Karla Faye Tucker: Texas' Controversial Murderess
An Eye for an Eye
Late afternoon, February 3, 1998, Governor George W. Bush closed the door on the last breath of hope for Karla Faye. He denied a 30-day delay to the execution set for later that evening. A press release issued from the Governor's Mansion stated, "Many people have contacted my office about this execution. I respect (their) strong convictions (but) Karla Faye Tucker has acknowledged she is guilty of a horrible crime. She was convicted and sentenced by a jury of her peers. The role of the state is to enforce our laws...The courts, including the United States Supreme Court, have reviewed the legal issues in this case, and therefore I will not grant a 30-day stay. May God bless Karla Faye Tucker and may God bless her victims and their families."
Karla Faye Tucker died an hour later.
In preparation for her death, while the reprieve from the governor was still pending, officials removed the prisoner from Mountain View and delivered her by plane to Huntsville State Prison, where the state's execution chamber is located. Chatting briefly with reporters, she remained what CNN U.S. News termed "upbeat," dining on a last meal comprised of "a banana, a peach and a salad". With her were her husband Dana Brown and a few family members and friends. Visibly comforting her as the appointed time of her execution (6:30 p.m. CST) drew near was Ron Carlson, Deborah Thornton's forgiving brother. Dressed in the white uniform of Mountain View, Karla Faye had declined donning the orange work suits usually worn by condemned prisoners in Huntsville.
Relaying her to her death would be a lethal injection, a blend of quickacting barbiturate and paralytic drug, fed intravenously. Texas, which adopted this form of capital punishment in 1977, is one of 27 states employing it. Other states utilize electric voltage, gas, rope or firing squad as life-taking means.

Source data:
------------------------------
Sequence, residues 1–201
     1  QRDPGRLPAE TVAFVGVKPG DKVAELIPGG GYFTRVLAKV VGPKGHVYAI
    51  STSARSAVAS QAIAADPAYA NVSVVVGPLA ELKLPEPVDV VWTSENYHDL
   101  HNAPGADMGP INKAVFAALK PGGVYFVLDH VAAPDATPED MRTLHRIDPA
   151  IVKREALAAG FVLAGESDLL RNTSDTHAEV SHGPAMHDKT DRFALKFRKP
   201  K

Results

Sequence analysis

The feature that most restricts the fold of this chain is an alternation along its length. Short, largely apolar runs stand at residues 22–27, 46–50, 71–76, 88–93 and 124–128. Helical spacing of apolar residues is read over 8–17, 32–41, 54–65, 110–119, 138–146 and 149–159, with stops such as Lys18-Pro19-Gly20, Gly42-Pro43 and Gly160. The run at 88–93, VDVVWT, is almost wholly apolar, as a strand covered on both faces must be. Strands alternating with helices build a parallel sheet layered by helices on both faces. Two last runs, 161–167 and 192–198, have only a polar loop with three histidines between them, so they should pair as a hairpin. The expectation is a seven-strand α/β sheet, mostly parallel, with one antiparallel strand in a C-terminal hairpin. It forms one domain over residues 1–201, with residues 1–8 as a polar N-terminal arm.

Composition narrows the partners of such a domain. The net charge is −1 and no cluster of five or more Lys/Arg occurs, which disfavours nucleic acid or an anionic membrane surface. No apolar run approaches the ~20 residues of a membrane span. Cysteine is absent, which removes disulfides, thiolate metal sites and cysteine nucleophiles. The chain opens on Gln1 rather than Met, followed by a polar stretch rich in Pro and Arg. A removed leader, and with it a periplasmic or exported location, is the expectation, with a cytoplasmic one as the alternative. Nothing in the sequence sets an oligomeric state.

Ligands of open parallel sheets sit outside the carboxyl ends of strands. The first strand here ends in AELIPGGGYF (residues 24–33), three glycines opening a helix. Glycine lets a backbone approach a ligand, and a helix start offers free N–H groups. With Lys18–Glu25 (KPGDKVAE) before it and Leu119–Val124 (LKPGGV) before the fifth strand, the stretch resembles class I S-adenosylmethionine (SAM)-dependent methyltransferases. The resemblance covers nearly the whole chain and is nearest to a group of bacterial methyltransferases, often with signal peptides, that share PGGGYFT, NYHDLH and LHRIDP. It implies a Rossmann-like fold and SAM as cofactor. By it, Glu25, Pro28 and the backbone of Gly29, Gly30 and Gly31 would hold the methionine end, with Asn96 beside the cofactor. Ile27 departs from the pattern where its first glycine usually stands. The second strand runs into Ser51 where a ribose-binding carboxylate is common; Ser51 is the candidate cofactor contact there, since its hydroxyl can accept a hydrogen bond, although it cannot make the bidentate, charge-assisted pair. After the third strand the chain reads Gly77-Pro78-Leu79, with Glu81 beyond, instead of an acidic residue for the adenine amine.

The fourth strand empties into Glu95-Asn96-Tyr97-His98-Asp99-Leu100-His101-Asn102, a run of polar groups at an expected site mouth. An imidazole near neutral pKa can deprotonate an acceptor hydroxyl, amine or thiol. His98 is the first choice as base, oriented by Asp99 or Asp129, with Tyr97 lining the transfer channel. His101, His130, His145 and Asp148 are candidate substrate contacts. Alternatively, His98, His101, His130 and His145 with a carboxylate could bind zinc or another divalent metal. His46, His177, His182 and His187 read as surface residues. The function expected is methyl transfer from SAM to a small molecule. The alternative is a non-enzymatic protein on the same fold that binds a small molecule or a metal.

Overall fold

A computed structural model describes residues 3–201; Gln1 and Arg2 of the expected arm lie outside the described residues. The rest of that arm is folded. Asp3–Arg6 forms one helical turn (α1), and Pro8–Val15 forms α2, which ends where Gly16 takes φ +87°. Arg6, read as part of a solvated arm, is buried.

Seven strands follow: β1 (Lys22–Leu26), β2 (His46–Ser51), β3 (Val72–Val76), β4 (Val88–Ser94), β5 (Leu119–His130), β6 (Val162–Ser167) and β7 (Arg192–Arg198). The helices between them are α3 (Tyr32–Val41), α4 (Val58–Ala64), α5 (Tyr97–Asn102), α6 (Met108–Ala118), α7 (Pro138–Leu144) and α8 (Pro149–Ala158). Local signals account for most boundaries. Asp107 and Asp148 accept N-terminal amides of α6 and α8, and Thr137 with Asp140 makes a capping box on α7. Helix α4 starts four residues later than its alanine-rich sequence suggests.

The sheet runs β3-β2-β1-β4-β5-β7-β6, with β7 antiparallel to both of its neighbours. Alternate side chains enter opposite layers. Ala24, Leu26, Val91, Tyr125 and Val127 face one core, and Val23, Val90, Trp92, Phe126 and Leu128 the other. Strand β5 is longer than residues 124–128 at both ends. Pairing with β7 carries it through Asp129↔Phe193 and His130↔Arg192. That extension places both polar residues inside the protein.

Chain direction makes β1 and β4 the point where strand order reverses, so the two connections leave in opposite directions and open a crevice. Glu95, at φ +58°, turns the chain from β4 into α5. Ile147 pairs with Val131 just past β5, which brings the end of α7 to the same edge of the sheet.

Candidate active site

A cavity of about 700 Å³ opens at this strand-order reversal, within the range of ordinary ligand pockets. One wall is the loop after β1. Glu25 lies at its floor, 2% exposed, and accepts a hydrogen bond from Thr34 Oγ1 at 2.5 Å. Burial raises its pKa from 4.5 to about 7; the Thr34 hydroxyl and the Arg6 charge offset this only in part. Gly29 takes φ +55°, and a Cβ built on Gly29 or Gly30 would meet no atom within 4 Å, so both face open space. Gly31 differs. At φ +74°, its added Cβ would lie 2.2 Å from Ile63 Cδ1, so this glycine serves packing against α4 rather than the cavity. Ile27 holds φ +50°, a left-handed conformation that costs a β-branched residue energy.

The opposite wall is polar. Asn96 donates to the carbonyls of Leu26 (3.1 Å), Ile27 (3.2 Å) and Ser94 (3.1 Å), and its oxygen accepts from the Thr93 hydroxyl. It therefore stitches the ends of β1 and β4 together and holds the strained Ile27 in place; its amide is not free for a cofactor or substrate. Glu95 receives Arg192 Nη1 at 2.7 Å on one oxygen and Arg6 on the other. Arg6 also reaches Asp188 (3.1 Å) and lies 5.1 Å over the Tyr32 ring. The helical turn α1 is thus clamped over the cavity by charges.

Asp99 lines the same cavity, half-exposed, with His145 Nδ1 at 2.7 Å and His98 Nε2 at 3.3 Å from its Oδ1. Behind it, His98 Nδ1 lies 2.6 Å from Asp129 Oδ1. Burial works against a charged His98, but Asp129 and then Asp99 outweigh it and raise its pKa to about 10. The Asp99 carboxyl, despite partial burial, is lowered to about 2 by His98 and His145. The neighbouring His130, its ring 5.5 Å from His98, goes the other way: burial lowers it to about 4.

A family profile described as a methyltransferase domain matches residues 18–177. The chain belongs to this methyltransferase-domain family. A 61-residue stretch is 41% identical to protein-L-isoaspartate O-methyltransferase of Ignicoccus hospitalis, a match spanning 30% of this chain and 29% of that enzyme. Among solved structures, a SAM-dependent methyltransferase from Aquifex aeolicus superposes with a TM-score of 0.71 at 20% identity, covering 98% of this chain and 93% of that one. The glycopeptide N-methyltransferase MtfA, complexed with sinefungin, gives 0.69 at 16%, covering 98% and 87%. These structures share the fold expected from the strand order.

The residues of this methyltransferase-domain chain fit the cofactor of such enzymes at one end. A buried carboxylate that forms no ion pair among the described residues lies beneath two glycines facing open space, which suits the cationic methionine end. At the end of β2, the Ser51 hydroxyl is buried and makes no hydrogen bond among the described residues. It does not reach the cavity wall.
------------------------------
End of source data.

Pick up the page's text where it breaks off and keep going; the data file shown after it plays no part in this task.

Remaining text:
According to API writer Michael Graczyk, "Asked what her thoughts would be when strapped to the death chamber gurney, (Karla Faye) replied, 'I'm certainly going to be thinking about what it's like in heaven.'"
Huntsville received the news of Governor Bush's rejection at approximately 5:25 p.m., at which time it was relayed to Karla Faye. She was given solitude to pray and bid goodbye to her intimate company. Before the hour ended, prison personnel and a minister approached her cell to lead her through a white-washed door at the farthest end of the corridor. Beyond that door was the death chamber.
It is a cubicle really, of sterile white and bright lights, resembling a doctor's examining room, but with one-way viewing glass on two sides for spectators and a stark array of paraphernalia whose purpose is not subtly concealed.
That evening, while her loved ones peered in sorrowfully from one waiting area, opposite them stood members of her victim's families, feeling less pity. Allowed a moment for last words, she sat on the gurney to which, in a few moments she would be bound with leather restraining straps, and addressed reflective windows knowing that beyond their glare waited and watched those with tears and those without.
"I would like to say to all of you, the Thornton family and Jerry Dean's family, that I am so sorry. I hope God will give you peace with this." She then whispered a farewell to her husband and thanked the warden for his kindness to her in her last hours.
Even as she was uttering her final good-byes, the attendants were already attaching the tubes to her wrists and buckling her. "When she was finished, Ms. Tucker closed her eyes, licked her lips and appeared to say a silent prayer," Graczyk noted. "She coughed twice, groaned softly and went silent as the drugs took effect."
Karla Faye busted loose.